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02 May 2017

Data Protection update - April 2017


Welcome to the April 2017 edition of our Data Protection update, our monthly review of key developments in Data Protection law. As always, please do let us know if you have any feedback or suggestions for future editions. 

Data protection

Cyber security

ICO enforcement


Data Protection

EU-US Privacy Shield review now promised for September

Věra Jourová, the EU Commissioner for Justice announced, during her visit to the US to discuss the EU-US Privacy Shield with the new US administration, that the first annual joint review of the Privacy Shield will take place in September 2017.

This confirmation comes after the adoption by the European Parliament of a non-legislative resolution calling on the European Commission to conduct a proper assessment and ensure the Privacy Shield complies with the EU Charter on Fundamental Rights and the GDPR.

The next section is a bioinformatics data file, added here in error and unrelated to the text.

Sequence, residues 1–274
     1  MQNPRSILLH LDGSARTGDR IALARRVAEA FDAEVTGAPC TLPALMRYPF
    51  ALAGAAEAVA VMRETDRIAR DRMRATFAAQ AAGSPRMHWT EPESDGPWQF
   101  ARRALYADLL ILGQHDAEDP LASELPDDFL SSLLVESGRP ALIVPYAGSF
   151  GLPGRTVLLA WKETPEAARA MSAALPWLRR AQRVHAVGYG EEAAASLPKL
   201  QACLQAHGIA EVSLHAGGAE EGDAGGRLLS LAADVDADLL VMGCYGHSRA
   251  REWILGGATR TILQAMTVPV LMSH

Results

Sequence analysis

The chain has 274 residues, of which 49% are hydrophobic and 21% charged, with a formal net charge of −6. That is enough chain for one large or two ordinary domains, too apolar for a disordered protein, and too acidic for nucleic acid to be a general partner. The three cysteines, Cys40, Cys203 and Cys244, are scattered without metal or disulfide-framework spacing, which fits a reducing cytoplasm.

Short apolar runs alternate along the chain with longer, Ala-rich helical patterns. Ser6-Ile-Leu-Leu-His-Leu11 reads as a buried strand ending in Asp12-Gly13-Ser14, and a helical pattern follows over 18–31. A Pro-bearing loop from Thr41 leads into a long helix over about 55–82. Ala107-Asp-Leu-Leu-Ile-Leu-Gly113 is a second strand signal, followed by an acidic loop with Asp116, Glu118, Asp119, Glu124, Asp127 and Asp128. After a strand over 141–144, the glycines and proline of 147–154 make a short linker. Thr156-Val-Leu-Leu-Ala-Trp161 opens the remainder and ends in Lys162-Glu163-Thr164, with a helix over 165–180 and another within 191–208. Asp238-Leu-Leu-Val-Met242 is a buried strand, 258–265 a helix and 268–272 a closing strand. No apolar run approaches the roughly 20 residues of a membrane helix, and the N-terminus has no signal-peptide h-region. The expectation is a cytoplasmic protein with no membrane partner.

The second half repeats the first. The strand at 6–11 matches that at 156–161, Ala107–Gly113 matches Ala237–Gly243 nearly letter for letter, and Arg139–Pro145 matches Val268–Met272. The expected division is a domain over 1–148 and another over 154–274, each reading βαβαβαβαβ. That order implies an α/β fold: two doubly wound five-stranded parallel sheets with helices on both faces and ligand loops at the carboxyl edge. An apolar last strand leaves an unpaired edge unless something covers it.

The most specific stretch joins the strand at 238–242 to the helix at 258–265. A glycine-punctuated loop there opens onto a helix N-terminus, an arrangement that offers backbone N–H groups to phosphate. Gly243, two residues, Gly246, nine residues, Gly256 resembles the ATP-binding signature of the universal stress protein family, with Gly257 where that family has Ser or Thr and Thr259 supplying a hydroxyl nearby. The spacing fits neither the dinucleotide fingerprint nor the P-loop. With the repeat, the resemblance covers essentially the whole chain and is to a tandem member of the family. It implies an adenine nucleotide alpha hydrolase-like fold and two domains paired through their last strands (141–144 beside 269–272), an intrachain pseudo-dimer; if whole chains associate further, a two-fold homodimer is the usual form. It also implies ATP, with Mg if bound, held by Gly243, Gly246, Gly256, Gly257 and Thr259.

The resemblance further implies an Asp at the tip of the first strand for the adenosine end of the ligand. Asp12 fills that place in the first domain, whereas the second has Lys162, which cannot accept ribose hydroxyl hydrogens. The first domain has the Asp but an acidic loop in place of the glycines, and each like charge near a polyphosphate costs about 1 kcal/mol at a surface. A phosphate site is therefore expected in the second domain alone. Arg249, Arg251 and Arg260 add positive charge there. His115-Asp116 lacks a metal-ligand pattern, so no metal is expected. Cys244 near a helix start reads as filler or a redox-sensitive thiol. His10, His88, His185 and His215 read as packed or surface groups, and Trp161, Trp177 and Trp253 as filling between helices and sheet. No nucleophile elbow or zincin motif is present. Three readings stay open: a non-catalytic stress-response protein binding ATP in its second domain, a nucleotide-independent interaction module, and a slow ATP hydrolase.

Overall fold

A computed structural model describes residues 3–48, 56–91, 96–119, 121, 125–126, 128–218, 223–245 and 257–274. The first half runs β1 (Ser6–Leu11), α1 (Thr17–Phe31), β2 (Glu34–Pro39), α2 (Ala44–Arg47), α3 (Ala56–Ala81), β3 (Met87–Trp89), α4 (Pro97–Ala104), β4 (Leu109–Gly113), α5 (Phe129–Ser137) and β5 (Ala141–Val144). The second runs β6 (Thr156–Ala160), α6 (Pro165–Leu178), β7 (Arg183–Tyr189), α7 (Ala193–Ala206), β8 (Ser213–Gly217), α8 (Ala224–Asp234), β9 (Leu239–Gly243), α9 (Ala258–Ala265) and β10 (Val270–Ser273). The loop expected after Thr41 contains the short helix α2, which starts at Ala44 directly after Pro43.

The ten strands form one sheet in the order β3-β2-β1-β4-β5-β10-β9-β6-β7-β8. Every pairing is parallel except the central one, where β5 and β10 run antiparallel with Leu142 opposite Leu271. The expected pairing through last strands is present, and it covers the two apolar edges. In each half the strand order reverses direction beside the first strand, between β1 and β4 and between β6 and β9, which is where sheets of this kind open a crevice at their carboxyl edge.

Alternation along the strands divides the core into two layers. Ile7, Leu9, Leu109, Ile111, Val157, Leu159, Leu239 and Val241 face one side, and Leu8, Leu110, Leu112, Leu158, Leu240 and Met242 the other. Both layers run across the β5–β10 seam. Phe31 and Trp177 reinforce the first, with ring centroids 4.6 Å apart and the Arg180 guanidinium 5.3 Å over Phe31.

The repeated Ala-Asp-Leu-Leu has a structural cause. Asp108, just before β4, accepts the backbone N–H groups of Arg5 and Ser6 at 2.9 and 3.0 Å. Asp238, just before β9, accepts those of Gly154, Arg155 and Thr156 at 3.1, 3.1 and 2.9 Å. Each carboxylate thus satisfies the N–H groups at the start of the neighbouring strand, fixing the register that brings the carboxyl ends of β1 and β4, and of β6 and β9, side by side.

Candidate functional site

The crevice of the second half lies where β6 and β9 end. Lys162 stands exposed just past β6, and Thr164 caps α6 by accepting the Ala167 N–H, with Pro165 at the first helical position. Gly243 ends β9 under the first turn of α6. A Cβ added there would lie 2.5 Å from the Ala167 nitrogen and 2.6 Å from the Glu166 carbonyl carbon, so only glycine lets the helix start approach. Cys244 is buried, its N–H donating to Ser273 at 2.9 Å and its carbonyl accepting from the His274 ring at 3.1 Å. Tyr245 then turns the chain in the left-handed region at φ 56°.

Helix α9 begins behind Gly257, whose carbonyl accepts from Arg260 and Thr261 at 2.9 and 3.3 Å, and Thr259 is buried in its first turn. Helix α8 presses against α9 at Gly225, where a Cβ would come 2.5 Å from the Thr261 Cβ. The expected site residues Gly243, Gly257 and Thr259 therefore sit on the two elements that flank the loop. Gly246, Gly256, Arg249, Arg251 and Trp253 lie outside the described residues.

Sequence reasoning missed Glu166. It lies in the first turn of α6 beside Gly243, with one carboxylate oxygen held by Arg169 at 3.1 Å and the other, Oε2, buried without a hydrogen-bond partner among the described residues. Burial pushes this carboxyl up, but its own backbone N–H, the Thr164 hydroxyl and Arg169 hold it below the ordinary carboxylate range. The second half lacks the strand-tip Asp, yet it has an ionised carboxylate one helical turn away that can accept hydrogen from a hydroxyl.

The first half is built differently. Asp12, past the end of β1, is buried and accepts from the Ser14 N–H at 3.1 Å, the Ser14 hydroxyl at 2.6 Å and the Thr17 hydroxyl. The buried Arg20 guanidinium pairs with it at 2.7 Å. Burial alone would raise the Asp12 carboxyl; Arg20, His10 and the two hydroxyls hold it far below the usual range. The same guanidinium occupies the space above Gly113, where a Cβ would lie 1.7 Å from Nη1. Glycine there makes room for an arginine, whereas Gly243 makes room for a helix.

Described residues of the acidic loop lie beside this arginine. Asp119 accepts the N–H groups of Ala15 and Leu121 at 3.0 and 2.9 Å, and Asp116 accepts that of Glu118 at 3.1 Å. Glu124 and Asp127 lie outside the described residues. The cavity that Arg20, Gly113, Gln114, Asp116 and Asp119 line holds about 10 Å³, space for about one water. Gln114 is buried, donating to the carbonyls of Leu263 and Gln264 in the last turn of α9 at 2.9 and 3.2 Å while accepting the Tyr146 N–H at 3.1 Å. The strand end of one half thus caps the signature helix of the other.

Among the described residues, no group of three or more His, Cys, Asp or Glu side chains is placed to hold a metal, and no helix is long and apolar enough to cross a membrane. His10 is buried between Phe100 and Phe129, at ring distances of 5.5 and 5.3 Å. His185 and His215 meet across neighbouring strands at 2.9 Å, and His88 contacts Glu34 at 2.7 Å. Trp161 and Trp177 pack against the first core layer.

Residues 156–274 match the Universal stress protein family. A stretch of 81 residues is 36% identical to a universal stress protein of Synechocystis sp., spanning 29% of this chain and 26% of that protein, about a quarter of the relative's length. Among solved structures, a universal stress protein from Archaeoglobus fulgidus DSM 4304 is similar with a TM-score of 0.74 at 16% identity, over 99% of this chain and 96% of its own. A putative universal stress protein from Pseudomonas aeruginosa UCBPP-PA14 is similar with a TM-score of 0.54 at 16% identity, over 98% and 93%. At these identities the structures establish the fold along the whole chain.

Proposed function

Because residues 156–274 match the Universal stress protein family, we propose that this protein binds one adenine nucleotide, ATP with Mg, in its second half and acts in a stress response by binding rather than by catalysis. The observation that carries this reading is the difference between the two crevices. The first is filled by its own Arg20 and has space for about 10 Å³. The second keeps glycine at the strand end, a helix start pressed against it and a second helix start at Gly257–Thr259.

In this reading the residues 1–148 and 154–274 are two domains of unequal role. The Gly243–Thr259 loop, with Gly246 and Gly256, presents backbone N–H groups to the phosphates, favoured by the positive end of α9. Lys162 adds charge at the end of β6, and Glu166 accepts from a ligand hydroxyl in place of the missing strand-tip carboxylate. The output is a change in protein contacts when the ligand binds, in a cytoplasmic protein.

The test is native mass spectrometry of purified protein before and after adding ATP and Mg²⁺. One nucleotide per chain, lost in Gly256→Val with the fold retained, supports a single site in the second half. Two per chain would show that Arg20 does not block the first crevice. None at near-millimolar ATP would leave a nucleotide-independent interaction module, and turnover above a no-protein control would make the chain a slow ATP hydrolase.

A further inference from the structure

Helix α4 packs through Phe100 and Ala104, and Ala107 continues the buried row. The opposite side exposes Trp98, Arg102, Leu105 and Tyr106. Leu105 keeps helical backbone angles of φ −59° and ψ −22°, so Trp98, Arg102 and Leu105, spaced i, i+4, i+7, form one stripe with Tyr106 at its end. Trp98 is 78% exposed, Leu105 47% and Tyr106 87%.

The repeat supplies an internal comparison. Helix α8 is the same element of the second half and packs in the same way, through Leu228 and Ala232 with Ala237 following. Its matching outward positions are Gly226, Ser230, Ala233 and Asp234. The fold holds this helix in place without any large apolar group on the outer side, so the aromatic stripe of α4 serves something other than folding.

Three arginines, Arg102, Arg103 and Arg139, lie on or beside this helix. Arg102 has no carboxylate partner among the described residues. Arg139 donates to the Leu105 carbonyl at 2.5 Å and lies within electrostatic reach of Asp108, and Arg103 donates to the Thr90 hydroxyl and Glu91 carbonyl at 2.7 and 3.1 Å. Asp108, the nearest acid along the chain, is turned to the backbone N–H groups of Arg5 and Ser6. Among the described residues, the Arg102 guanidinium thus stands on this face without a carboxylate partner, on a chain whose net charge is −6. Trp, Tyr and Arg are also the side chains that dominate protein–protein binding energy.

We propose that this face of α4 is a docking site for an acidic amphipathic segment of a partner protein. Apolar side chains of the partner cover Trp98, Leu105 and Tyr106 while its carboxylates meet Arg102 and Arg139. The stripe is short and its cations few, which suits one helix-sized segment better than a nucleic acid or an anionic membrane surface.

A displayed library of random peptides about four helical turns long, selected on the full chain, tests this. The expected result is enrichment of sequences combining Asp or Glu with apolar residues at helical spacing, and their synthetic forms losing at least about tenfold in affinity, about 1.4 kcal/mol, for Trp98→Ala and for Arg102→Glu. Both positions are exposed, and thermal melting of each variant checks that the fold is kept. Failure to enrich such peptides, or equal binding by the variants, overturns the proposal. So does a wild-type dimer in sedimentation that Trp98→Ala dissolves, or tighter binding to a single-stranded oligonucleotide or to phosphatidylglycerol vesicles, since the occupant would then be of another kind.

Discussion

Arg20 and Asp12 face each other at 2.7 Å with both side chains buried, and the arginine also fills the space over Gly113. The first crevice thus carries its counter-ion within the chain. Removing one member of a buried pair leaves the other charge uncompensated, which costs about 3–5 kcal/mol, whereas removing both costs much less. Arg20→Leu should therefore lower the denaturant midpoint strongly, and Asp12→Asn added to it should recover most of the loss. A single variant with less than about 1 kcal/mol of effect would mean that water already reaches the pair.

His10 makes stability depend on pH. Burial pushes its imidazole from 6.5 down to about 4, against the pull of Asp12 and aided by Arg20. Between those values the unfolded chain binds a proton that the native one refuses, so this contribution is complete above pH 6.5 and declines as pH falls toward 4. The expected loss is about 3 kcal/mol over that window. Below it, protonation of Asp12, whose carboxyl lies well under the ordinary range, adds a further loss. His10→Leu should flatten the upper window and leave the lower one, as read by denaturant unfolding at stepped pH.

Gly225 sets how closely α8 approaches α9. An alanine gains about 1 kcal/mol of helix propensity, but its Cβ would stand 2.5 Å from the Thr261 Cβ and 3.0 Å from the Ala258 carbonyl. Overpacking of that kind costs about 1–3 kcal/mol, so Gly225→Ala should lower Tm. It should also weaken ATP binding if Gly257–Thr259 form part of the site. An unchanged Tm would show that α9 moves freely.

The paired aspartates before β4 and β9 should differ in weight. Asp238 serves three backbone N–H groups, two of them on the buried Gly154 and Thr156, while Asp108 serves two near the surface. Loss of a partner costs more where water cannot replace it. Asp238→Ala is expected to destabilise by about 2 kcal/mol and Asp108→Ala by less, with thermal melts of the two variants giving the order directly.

According to Claude Moraes, the Civil Liberties Committee Chair, the Privacy Shield clearly has insufficiencies "that remain to be urgently resolved". Members of the European Parliament expressed concern about new rules introduced in January 2017 allowing the US National Security Agency to share vast amounts of personal data collected without oversight with 16 other agencies including the Federal Bureau of Investigation. More recently, in March 2017, the US Senate and the House of Representatives overturned rules to protect broadband customers' privacy (see the story below for more information). Further concerns have been raised in relation to the lack of sufficient independence of the ombudsperson mechanism and the fact that there is still no effective judicial redress for individuals in the EU whose personal data is transferred to the US.